A perspective that was relatively secretive during Jacobs’ time. Jacobs’ narrative focuses on subjugation due to race but it also portrays many women an strong and often open roles. Women in these roles were minimal and often suffered for their outspoken roles. Harriet Jacobs’ narrative is a powerful statement unveiling the impossibility and undesirability of achieving the ideal put forth by men and maintained by women. Jacobs directs her account of the afflictions a woman is subjected to in the chain of slavery to women of the north to gain sympathy for their sisters that were enslaved in the south.
The similarities of enslavement and skin color are just how much they affect Jacobs’ other identities. As an enslaved black woman, Jacobs knew that her beauty was a curse, and that she was unprotected in the eyes of the law. This significant lack of any protection is what leads to Jacobs being the victim of so much abuse, and indeed, what led to so many others just like her becoming the victims of their abusers. As a slave, she was born almost completely devoid of rights, and as a black person, southern society found it hard to put much effort towards caring for her. Overall, being a slave and Black American did not have the same implications for one’s life, but they did in equal parts affect how society viewed the
She compares the life of men and women in the slave society, and how truly different they were. The roles of women are shown through the slaves’ life cycle, family life, slave society networks, and the civil war. Each of these various aspects of life are discussed very vividly in the book, and serve purpose in showing how African American women were treated so unjustly not only because of their skin color but the fact that they were women, therefore they were the most discriminated against in Antebellum America. Though they were discriminated against their nature proved them to not be submissive and subordinate in all aspects. The terms “Jezebel” and “Mammy” refer to African American women in this time period.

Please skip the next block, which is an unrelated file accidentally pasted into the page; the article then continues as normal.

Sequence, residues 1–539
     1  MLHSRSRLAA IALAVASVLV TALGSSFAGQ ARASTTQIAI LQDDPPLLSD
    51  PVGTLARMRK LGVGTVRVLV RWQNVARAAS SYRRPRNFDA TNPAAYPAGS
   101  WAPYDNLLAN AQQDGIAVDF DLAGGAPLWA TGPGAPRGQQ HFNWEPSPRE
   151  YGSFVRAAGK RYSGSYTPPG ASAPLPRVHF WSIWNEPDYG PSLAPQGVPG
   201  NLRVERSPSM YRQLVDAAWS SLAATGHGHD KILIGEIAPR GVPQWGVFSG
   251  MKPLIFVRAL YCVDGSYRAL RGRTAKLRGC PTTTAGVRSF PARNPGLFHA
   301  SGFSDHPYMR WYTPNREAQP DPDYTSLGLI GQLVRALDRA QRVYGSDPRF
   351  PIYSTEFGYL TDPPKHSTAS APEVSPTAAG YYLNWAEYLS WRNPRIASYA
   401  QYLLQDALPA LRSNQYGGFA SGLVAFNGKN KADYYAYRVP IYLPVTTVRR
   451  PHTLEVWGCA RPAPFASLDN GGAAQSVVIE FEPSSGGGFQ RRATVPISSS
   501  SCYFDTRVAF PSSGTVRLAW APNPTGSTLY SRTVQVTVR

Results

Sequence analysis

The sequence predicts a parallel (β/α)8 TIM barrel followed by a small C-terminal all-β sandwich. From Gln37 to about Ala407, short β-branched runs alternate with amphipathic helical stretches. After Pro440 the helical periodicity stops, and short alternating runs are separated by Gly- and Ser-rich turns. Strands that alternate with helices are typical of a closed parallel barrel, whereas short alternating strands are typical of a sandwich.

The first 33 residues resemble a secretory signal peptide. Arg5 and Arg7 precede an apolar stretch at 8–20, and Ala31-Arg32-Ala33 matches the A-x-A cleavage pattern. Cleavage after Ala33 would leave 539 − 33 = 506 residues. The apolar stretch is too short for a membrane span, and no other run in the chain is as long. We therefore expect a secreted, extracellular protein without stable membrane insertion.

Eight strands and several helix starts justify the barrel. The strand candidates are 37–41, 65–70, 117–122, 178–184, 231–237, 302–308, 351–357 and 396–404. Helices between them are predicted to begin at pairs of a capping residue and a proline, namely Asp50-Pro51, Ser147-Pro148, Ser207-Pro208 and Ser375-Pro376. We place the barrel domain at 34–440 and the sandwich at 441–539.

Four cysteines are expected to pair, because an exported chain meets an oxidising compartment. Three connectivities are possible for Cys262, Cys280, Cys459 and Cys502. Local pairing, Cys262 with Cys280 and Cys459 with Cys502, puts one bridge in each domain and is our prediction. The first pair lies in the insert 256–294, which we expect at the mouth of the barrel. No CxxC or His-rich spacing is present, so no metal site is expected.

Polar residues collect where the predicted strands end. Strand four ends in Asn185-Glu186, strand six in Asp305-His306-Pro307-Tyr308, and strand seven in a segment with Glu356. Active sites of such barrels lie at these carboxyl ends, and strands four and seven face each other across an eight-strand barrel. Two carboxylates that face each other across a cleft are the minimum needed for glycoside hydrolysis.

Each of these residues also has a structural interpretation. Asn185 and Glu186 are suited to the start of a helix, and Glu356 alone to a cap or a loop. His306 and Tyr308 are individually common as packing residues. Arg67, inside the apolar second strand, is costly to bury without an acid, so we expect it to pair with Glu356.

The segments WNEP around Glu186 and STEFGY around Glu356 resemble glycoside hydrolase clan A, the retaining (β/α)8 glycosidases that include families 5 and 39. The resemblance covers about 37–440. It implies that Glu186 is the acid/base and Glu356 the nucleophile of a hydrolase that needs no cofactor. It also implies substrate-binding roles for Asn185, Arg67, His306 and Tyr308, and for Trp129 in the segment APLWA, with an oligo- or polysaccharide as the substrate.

Not only that, Gwin’s book discusses the idea that for most of the eighteenth and nineteenth century, a black woman usually got subjected to displacement of sexual and mental frustration of white women. Gwin discusses how these black women, because of the sexual and mental abuse, felt looked down on more by whites and therefore reduced to even a lower level than that of white women‘s status of being a woman. . 	A southern white female slave owner only saw black women as another slave, or worse. White women needed to do this in order to keep themselves from feeling that they were of higher status than every one else except for their husband.
African-American women had to deal with all the previously mentioned things, but they were women too! Females were oppressed almost as bad as the blacks. White women were not able to vote until the 1920. Therefore colored women had a double edged sword, they had to fight for freedom, but not be to dominate as to effect the men. Alice Walker's The Color Purple is a good example of colored women's plight.